Meta's 'Year of Efficiency' Is Just Full of Layoffs

Meta's 'Year of Efficiency' Is Just Full of Layoffs

News by Roberto OrosaRoberto Orosa
Published: April 20, 2023

Zuckerberg has dubbed 2023 Meta’s “Year of Efficiency,” but it comes at a cost – the livelihood of its own workers.  

Key Insights: 

  • Meta is pushing through with another round of layoffs following its announcement last March. 
  • Employees have voiced their disappointment and concerns with the company’s decision through social media and Meta’s own town halls. 
  • Meta shares have gone up despite its internal company rifts, but its growth remains an open question as it continues to develop its metaverse.  

Last month, Zuckerberg announced a new set of layoffs projected to affect 10,000 of its workers starting April. 

Now, the time has come.  

The company announced in a memo on Wednesday that it would push through with the layoffs, affecting employees working on user experience, software engineering, graphics programming, among others.  

Product-facing teams have also taken a hit, with finances, legal, tech and HR teams to follow come May, one employee told CNBC.  

In the announcement, the tech giant also asked its employees residing in North America to work from home to have “space to process.”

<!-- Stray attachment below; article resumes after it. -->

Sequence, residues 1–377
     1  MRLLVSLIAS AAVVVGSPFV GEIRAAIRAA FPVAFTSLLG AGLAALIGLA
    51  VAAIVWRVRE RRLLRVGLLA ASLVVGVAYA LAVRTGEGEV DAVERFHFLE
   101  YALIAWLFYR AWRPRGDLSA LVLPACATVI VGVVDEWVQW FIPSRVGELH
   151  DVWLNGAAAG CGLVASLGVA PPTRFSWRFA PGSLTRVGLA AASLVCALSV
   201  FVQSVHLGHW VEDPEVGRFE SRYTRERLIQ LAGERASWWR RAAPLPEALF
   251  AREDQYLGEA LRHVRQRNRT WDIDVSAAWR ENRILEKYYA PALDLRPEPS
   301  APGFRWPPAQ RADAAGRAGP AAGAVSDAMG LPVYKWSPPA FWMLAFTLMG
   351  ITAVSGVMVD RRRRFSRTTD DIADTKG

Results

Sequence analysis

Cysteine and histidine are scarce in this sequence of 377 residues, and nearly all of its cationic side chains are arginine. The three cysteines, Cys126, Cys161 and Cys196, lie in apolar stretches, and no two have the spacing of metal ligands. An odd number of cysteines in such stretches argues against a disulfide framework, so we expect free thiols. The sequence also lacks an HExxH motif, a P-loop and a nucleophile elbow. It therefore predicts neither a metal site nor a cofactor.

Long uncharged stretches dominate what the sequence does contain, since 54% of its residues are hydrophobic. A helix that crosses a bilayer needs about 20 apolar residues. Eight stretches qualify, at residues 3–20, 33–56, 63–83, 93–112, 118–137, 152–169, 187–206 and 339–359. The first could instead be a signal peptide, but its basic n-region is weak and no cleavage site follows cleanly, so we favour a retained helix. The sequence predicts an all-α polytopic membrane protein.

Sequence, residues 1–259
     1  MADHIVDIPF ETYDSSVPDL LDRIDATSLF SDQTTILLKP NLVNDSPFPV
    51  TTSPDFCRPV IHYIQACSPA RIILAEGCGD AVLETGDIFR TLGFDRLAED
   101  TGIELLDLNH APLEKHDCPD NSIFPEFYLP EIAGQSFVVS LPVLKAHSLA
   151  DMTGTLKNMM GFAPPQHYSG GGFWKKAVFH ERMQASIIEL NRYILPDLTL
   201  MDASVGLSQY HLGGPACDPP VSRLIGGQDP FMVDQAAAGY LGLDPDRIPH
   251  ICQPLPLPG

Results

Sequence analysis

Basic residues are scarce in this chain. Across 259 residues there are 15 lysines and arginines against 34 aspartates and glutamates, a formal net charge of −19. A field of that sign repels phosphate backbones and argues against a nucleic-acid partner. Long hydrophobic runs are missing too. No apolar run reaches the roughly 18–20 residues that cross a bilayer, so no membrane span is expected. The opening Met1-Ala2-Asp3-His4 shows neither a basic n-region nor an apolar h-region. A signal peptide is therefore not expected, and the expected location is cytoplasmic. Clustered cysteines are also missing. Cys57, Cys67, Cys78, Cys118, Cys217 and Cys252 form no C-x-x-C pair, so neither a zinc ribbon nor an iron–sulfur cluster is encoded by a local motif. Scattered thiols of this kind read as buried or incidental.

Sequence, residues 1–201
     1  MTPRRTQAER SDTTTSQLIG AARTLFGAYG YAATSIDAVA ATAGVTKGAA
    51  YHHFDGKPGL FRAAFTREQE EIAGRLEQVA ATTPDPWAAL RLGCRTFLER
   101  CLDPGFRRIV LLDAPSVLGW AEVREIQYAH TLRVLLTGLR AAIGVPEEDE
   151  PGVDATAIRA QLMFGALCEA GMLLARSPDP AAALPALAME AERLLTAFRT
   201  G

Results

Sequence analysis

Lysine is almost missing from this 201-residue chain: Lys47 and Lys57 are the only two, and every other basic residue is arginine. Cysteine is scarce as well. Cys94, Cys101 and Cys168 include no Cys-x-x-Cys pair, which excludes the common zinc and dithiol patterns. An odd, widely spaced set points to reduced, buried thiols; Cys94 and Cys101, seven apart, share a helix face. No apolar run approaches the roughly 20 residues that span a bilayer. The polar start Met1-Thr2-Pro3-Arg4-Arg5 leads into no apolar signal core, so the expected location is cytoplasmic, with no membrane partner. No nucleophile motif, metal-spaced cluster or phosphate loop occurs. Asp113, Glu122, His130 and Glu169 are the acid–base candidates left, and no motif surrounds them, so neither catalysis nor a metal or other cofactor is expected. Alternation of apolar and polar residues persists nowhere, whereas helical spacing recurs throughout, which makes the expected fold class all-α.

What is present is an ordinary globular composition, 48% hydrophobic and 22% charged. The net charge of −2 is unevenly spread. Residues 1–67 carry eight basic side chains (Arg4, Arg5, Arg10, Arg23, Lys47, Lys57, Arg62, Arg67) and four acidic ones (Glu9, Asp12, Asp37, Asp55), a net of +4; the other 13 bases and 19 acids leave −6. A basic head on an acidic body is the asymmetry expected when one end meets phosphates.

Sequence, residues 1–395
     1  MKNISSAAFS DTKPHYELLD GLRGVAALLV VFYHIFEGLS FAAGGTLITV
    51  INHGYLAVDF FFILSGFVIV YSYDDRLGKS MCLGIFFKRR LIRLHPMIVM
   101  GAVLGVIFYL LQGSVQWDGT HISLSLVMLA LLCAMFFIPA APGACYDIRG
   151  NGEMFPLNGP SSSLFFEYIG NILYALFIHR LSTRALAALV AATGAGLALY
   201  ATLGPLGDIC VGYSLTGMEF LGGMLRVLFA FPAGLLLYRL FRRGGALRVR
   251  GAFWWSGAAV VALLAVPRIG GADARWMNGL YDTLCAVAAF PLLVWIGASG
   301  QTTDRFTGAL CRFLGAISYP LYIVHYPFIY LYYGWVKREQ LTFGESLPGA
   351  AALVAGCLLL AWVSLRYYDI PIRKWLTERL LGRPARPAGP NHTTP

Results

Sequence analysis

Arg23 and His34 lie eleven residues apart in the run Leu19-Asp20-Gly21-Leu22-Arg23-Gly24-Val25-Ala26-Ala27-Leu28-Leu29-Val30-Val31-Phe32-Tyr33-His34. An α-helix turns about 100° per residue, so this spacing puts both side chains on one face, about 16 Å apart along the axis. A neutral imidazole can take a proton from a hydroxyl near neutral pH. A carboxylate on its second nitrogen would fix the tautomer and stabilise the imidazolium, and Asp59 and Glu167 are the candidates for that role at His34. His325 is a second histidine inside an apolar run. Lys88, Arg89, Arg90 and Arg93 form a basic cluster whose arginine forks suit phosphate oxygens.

“This will be a difficult time as we say goodbye to friends and colleagues who have contributed so much to Meta,” the company’s head of people Lori Goler wrote in the memo. 

The layoff aftermath 

Several workers hit by the layoffs have taken their grievances to social media following the decision.  

In LinkedIn, former Facebook business program manager Teresa Jimenez shared the news to her colleagues. “I woke up this morning to the unfortunate news that I was one of the many laid-off from Meta today. While I am certainly disappointed, I'm also feeling extremely #grateful for the opportunity to have worked alongside some of the most talented individuals for almost 3 years,” she shared.  

Even Meta’s current employees are disappointed with the decision. 

In a Meta Q&A scheduled for Thursday, 11 am PT, workers asked questions directed at the CEO through the company’s internal message board. 

“You’ve shattered the morale and confidence in leadership of many high performers who work with intensity. Why should we stay at Meta,” one wrote.  

“Did we ‘cut deep’ this time,” another said. 

Others have also asked about the possibility of more layoffs in the future, with growing concerns over their job security.  

This is not the first time Zuckerberg has been pressed on the matter. 

Following his initial announcement of the job cuts last March, the CEO was directly confronted by his employees in a town hall.  

One asked Zuckerberg how Meta’s employees are expected to trust the company’s leadership following the two rounds of layoffs, to which he responded: “I would guess that the way people would evaluate whether you trust me and want to work at this company is whether we are succeeding in making progress toward the overall stated goals... Whether you think you basically get good context for me on what we're trying to do and that I'm being honest and giving you my best expectation that I can of things."